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Paperback Can't Get There from Here Book

ISBN: 1442433574

ISBN13: 9781442433571

Can't Get There from Here

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Format: Paperback

Condition: Very Good

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Book Overview

" "A powerful and disturbing look at the downward spiral of despair that remains too common for too many teens ("School Library Journal"). Her street name is Maybe. She lives with a tribe of homeless teens runaways and throwaways, kids who have no place to go other than the cold city streets, and no family except for one another. Abused, abandoned, and forgotten, they struggle against weather, hunger, and constant danger. With the frigid winds of...

Customer Reviews

5 ratings

Can't Get There From Here

This book was very interesting. Whenever I pick up a book like this I expect it to all be great in the end, but I'm glad that this one didn't exactly tell the ending because I can't stand happy-go-lucky books where everything is perfect, la-dee-dee. But yet Maybe changes throughout the book, and that made this book fun and enjoyable. Of course, I was really sad when I thought about how this is how many people live in New York City. It just really bothers me. This was a very down-to-earth novel about a girl named Maybe who lives in New York City, and she's homeless because her mom doesn't want her. She lives with her own "tribe" of other homeless kids, and when most of them leave or die she realizes that she can't live the rest of her life like that. Because she wouldn't have a life anymore because she'll probably die before she's 18. Very quick, and an eye-opener.

A look at life on the streets

This is a great read.The character's seem so real.You get lost in the story and feel like your one with them.They make you laugh and cry.You will hate Bobby.Yet love Tears,Maybe,Maggot,Rainbow,Jewel OG and Pest.It makes you think twice about how we might view the homeless.Yet most it tugs at your heart.A wonderful Book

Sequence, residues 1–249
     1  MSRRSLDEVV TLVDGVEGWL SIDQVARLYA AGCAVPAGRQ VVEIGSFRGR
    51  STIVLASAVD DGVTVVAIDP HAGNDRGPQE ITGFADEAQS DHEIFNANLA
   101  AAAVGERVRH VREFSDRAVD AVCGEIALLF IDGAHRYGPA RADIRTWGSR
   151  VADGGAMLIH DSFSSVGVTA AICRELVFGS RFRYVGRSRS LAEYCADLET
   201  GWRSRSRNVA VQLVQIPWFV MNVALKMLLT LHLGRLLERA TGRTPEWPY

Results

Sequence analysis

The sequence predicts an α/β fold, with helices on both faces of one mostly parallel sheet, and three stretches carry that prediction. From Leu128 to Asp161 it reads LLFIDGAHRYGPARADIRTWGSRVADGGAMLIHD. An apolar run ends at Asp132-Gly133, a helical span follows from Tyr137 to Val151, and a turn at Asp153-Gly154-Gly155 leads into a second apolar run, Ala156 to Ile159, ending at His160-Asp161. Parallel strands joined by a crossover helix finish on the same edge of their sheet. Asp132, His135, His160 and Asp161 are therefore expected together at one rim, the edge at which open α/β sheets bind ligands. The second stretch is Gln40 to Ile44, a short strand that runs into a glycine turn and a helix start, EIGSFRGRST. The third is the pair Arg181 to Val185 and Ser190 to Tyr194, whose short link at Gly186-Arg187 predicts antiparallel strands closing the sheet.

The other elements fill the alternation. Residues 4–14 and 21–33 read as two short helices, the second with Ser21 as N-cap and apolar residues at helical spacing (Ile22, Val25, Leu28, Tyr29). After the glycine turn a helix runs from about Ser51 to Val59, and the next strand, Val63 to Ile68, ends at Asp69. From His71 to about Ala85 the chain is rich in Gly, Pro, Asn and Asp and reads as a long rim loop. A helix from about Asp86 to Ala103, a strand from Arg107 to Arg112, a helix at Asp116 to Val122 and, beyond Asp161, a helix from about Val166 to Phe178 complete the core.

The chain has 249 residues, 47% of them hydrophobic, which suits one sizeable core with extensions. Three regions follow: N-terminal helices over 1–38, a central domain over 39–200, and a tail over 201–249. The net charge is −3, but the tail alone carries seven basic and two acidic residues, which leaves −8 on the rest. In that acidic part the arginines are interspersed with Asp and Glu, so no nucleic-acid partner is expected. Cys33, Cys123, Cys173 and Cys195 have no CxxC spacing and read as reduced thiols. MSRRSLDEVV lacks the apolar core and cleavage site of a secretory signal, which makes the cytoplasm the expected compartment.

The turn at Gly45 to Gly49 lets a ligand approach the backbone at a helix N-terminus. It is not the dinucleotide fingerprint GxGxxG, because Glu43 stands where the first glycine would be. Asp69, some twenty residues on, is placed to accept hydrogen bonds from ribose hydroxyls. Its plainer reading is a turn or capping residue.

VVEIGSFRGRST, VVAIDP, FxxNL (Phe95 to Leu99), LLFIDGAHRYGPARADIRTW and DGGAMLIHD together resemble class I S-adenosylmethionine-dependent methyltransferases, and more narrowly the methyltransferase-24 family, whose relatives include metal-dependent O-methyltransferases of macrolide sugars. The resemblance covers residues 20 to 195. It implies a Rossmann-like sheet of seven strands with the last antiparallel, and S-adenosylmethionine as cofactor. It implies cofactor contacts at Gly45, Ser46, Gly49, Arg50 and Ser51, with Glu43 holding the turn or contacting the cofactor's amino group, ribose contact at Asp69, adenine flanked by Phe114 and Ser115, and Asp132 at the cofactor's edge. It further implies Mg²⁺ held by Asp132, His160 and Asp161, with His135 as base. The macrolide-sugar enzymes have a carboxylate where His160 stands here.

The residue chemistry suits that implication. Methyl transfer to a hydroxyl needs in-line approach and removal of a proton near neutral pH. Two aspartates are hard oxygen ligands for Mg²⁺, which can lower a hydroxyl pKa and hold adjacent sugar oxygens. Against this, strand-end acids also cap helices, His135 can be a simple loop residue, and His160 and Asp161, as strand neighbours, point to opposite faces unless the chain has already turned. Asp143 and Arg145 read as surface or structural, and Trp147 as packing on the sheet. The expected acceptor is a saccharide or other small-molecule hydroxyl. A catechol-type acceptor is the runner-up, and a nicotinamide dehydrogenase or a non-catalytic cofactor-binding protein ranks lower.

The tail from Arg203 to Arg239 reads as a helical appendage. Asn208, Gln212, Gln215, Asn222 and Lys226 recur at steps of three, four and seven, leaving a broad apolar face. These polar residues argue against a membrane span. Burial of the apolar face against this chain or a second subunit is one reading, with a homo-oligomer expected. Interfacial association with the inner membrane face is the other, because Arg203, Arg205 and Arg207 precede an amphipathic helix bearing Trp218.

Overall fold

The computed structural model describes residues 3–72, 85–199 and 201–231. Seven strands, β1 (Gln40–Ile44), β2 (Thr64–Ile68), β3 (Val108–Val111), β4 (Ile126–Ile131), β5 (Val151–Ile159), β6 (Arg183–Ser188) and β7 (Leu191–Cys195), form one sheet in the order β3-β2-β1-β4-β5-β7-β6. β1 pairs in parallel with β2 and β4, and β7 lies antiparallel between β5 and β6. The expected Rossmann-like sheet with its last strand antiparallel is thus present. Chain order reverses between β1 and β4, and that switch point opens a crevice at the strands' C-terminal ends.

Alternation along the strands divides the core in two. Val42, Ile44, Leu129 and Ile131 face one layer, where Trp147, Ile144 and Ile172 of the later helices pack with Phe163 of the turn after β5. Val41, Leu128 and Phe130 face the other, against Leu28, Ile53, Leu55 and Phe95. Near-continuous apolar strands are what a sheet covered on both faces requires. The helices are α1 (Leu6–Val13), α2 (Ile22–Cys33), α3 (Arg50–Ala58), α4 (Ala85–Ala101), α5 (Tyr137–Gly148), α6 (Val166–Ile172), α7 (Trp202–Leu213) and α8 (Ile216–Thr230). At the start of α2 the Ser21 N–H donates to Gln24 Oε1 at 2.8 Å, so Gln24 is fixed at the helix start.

I LOVE THIS BOOK!

Can't Get There From Here By Todd Strasser, was an overall heart-touching book. It's bout a girl named Maybe who grew up in the circus and was kicked out of her home when she was 16 because there was no more room for her. Maybe moves to New York City with no home, no money, and no friends. Later, she meets a group of people that share the same similarities as her, they all live on the street with no parents, and no one who cares about them. This book will put you through all the things that she went through like the struggle and its very descriptive with pain. It changed my whole outlook on life and made me really think. You say you `hate your life' but when you read this book, you'll be so thankful that you have your parents, your family, and your friends. All of her friends turn to drugs, prostitution, suicide, or they just get sick from the cold and disease. Maybe meets a man at a local library and he saves her and one friends lives. If you like to read about teenage struggle or just struggle itself, then I do recommend this book. I was unable to put it down! It really changed my outlook on everything.

an unforgettable story of survival